Macron joins Germany in goodbye for 'Europe's pillar' Schaeuble

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Macron joins Germany in goodbye for 'Europe's pillar' Schaeuble
French President Emmanuel Macron delivers a speech during a memorial event to honour the late politician Wolfgang Schaeuble at the German lower house of parliament Bundestag in Berlin on January 22, 2024. Photo by MICHELE TANTUSSI / AFP

France's President Emmanuel Macron joined Germany on Monday in saying goodbye - with a speech in German - to former finance minister Wolfgang Schaeuble, hailed for his role in forging closer integration in Europe.


"Germany lost a statesman, Europe a pillar and France a friend," said Macron at the Bundestag ceremony, speaking mostly in German.

That a Frenchman was giving a speech at the German parliament also attested to the "friendship of this great German" towards his French neighbours, added Macron.


Schaeuble, who died on December 26th after a long battle with illness, was a minister under chancellors Helmut Kohl and Angela Merkel and played a key role in German reunification in 1990.

He was also Germany's longest-serving MP, having spent 51 years as a parliamentarian.

Born in Freiburg in 1942, Schaeuble forged his career under Kohl, rising through the ranks to eventually become chief-of-staff for the chancellor, to whom he was long seen as the heir apparent.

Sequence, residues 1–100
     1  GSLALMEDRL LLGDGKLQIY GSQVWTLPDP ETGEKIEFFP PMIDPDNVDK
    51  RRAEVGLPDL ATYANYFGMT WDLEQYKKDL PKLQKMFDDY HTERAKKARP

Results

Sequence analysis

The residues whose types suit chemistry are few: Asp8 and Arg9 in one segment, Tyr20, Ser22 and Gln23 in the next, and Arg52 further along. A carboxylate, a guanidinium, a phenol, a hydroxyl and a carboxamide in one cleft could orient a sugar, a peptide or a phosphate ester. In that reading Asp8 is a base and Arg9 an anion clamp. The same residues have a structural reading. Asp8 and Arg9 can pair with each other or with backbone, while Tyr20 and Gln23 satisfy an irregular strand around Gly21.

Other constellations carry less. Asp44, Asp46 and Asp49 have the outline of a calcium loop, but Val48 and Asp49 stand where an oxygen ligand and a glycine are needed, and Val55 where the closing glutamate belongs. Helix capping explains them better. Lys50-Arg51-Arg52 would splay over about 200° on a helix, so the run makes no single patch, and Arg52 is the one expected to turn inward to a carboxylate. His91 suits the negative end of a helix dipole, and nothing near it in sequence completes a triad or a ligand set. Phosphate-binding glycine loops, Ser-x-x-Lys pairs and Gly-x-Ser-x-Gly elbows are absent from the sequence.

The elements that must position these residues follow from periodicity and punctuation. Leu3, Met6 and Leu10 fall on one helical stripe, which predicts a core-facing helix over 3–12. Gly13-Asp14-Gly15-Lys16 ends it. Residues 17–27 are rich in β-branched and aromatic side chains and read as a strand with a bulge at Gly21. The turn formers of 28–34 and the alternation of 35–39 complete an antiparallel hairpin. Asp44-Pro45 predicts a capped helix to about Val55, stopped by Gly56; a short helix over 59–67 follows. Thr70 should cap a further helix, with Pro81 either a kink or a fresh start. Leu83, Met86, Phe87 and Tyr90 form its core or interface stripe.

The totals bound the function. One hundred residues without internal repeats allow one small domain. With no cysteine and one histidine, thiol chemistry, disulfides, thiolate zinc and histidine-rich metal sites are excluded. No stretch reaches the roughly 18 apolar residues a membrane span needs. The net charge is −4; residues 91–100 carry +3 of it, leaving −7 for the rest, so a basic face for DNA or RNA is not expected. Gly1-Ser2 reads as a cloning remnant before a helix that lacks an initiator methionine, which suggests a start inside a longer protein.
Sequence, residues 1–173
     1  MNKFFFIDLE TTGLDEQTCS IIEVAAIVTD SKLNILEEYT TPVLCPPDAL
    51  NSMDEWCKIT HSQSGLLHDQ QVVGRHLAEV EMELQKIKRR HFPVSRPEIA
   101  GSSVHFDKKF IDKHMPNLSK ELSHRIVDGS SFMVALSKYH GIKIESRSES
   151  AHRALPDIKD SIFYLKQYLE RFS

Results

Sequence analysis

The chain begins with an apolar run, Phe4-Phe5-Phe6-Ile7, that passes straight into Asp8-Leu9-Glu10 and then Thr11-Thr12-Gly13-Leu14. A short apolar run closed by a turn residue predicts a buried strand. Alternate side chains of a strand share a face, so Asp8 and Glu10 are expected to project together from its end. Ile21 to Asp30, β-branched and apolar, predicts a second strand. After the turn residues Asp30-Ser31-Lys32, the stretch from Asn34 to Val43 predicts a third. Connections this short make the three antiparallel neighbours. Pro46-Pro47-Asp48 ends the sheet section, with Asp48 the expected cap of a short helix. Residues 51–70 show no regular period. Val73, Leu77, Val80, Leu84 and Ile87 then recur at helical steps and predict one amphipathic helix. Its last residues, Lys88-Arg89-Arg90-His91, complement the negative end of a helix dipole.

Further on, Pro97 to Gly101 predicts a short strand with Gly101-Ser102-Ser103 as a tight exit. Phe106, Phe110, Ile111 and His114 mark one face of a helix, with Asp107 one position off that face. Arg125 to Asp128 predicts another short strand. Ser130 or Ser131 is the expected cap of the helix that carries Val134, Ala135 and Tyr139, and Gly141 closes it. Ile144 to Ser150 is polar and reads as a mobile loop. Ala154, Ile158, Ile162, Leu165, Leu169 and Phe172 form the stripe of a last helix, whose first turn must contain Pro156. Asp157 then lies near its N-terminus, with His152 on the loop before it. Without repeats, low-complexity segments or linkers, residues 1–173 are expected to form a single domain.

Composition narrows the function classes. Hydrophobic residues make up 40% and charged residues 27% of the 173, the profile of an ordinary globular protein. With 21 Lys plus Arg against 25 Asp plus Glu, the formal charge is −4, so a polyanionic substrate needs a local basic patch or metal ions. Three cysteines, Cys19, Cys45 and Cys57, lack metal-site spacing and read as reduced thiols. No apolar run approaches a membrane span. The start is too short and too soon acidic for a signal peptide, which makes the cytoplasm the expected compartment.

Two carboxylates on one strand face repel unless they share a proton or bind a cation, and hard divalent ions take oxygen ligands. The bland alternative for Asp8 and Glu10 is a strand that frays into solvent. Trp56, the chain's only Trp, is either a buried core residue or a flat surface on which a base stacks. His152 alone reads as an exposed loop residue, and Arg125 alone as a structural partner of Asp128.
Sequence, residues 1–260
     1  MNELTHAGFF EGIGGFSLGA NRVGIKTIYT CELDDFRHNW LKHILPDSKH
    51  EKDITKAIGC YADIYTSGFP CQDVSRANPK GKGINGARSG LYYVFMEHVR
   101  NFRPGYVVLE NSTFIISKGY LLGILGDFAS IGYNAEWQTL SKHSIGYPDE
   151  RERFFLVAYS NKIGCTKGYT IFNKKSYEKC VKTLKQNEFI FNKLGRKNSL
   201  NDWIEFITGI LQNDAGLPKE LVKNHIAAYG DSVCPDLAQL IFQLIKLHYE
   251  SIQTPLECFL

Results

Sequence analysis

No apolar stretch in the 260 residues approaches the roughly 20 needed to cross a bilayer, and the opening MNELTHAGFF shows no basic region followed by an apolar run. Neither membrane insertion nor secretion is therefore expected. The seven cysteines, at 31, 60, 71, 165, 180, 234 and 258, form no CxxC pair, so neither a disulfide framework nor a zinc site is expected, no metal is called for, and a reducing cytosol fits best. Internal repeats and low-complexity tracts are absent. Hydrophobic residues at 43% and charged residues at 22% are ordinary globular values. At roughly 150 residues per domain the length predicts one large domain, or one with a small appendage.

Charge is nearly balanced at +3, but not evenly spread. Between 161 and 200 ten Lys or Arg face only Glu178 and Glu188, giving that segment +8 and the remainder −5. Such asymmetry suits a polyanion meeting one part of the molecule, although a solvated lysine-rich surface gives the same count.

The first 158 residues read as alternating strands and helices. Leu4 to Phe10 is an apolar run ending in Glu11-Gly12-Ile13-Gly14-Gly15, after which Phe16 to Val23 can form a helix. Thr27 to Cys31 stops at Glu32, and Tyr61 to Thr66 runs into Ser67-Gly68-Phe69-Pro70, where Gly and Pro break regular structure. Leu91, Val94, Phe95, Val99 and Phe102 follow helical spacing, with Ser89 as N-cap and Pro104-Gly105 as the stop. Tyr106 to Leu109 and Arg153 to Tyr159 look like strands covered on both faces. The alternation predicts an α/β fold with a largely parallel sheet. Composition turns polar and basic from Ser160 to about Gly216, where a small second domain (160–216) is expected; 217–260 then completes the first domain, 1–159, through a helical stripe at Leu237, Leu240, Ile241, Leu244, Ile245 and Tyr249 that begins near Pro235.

Together they oversaw Germany's reunification, before personal tragedy struck Schaeuble. An assassination attempt by a deranged man in 1990 left him badly injured and forced him to use a wheelchair for the rest of his life.

Schaeuble later served under Merkel as finance minister, including when eurozone countries were rocked by a sovereign debt crisis.

For his unwavering insistence that Greece make deep public spending cuts in return for loans, Schaeuble had been reviled by Greeks.

But Merkel, speaking on the sidelines of Monday's Bundestag ceremony, defended Schaeuble and stressed his role in keeping Greece in the EU.

"He was strict, and not only to himself, but that helps to better shape the future," she said, describing Schaeuble as an "anchor of stability".

From Schaeuble, Merkel said she learnt to "listen well, not to give up quickly, to debate intellectually and clear, and to always find a compromise at the end".



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